Denver (Kitco News) - Gold-mining stocks are likely to outperform gold itself if the metal returns to a rising price environment, said fund managers and mining analysts attending the Denver Gold Forum.
Historically, this has been the case. But there was a spell during gold’s long bull run when the metal was outpacing mining shares.
Fund managers and mining analysts at the Gold Forum were generally upbeat about the precious metal’s picture for the longer term (see related story). They suggested investors’ willingness to take on more risky assets in general, coupled with the cost-cutting efforts of miners, are likely to give share prices the upper hand.
“Lately, what I am seeing is whenever gold goes up a percent or two, mining stocks are going up anywhere from 5% to 20%,” said Dan Hrushewsky, senior analyst for gold-mining equities with Jennings Capital. “I’m starting to see a high sensitivity or beta of mining stocks to gold prices.
“It looks to me like the mining stocks want to move. So if the gold price goes up, mining stocks will outperform.”
Dan Denbow, assistant vice president of equity portfolios at USAA Investments and manager of the USAA Precious Metals and Minerals Fund, cited efforts by companies to scale back overall spending, seeking to improve cash flow and profitability. Previously, some felt producers were too focused on simply ramping up output during a long-running bull market before prices fell this year.
“They have taken a serious tone towards costs and managing operations,” Denbow said. “As you meet with different companies, not all of them have taken it to heart. But a good many have taken it to heart.”
The hope is this will start being reflected in the next couple of quarterly earnings reports, he said. Additionally, mining operations in some nations have gotten a benefit from a softer local currency against the U.S. dollar, since they are paid for their gold in U.S. dollars but then pay their expenses in their local currency. Should upside earnings surprises start occurring, this would encourage more stock investors to re-enter the mining sector, Denbow said.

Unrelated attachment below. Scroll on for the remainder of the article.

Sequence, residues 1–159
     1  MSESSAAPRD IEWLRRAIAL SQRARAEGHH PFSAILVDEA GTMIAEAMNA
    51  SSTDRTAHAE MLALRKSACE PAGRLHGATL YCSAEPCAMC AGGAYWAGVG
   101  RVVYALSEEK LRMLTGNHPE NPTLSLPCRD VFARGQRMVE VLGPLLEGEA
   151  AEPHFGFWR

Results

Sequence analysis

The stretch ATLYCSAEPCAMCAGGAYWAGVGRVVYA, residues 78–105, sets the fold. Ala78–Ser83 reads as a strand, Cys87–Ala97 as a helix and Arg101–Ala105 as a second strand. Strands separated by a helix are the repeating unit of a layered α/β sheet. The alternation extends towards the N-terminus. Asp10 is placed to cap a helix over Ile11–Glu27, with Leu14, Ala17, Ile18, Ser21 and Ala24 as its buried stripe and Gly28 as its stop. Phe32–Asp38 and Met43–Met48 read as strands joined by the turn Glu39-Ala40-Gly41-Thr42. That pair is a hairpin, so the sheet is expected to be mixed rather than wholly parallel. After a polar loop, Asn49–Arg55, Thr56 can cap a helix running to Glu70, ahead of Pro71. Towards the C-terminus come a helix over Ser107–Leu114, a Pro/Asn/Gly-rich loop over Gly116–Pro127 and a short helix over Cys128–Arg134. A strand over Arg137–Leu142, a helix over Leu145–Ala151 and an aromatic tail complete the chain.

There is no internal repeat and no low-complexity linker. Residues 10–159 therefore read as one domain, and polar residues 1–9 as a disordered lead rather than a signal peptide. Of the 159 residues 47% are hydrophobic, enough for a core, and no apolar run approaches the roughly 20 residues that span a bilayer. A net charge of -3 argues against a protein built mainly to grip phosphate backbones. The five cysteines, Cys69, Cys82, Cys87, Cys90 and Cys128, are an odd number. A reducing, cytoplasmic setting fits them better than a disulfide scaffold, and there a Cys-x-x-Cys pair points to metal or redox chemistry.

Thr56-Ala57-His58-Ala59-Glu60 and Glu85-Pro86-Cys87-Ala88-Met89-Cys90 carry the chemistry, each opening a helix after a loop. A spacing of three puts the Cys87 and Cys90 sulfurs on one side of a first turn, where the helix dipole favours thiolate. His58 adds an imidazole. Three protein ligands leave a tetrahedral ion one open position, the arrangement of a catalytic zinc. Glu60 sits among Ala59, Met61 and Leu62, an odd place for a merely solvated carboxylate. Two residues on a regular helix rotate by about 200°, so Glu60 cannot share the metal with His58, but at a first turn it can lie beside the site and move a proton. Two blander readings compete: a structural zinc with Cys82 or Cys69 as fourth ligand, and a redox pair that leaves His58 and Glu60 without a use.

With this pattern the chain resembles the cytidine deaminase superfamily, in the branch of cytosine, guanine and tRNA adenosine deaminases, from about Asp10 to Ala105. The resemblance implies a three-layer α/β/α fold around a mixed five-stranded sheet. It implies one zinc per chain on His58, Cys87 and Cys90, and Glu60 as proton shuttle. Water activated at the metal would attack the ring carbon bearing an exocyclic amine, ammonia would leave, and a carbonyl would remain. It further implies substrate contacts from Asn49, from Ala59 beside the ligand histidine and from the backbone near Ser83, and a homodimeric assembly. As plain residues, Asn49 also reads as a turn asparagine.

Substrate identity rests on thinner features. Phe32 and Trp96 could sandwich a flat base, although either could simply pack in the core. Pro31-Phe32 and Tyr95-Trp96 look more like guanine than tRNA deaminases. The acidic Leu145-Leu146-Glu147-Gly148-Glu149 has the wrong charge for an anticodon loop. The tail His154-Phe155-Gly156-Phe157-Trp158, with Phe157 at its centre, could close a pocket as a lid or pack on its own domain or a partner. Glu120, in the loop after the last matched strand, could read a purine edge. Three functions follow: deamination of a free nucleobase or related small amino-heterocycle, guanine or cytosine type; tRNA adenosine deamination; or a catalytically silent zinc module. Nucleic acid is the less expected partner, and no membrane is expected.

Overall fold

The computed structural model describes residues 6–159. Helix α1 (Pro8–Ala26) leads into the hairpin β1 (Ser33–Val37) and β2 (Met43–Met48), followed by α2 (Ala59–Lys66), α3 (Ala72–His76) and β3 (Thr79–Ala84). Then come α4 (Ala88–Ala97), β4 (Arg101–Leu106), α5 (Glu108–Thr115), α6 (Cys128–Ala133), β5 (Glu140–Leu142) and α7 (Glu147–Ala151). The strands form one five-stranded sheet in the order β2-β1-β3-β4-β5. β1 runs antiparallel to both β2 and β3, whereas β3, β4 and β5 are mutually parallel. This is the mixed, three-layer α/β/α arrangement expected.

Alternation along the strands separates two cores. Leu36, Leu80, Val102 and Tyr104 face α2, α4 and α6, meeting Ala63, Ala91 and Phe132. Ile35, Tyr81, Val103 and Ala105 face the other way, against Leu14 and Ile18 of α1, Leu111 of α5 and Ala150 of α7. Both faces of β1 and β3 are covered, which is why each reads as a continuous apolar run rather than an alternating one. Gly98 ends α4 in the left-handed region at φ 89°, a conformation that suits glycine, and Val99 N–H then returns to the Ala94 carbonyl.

Further, investors are willing to take on more risk again, Hrushewsky explained. Much of this is cyclical in nature, he added.
“The risk trade has been off for so long that people want to get back into riskier assets. It’s as simple as that,” he said. “These things go in cycles….It’s much like the economy is cyclical and commodity prices are cyclical. Risk appetite is cyclical.”
The Dow Jones Industrial Average and S&P 500 index have hit record highs this year.
Mining stocks have shown some signs of recovery, after getting hit earlier in the year as gold prices fell. The American Stock Exchange Gold Bugs Index (HUI) finished Tuesday at 229.52, up from its summer low of 206.87. Shares of Barrick Gold Corp. (NYSE:ABX) (TSX:ABX), the world’s largest producer, finished Tuesday at $18.56, compared to the summer low of $13.76.
Thomas Winmill, president of Midas Management Corp., also looks to mining stocks to outperform gold.
“We still think there is a lot of value to be obtained … for equity prices to go back to prior historical levels in terms of price to cash flow, price to net asset value, price to reserves in the ground, proven and probable,” Winmill said. “I think the mining companies seem to be making the right noises with respect to return on capital.”
There is an old market adage to buy low and sell high.
“I think right now, the equities are low. I think they’ll go higher (relative) to the gold price in the future. At Midas, we are sticking to our guns that mining equities should outperform the gold price in a rising gold-price environment.”
By Allen Sykora of Kitco News email@example.com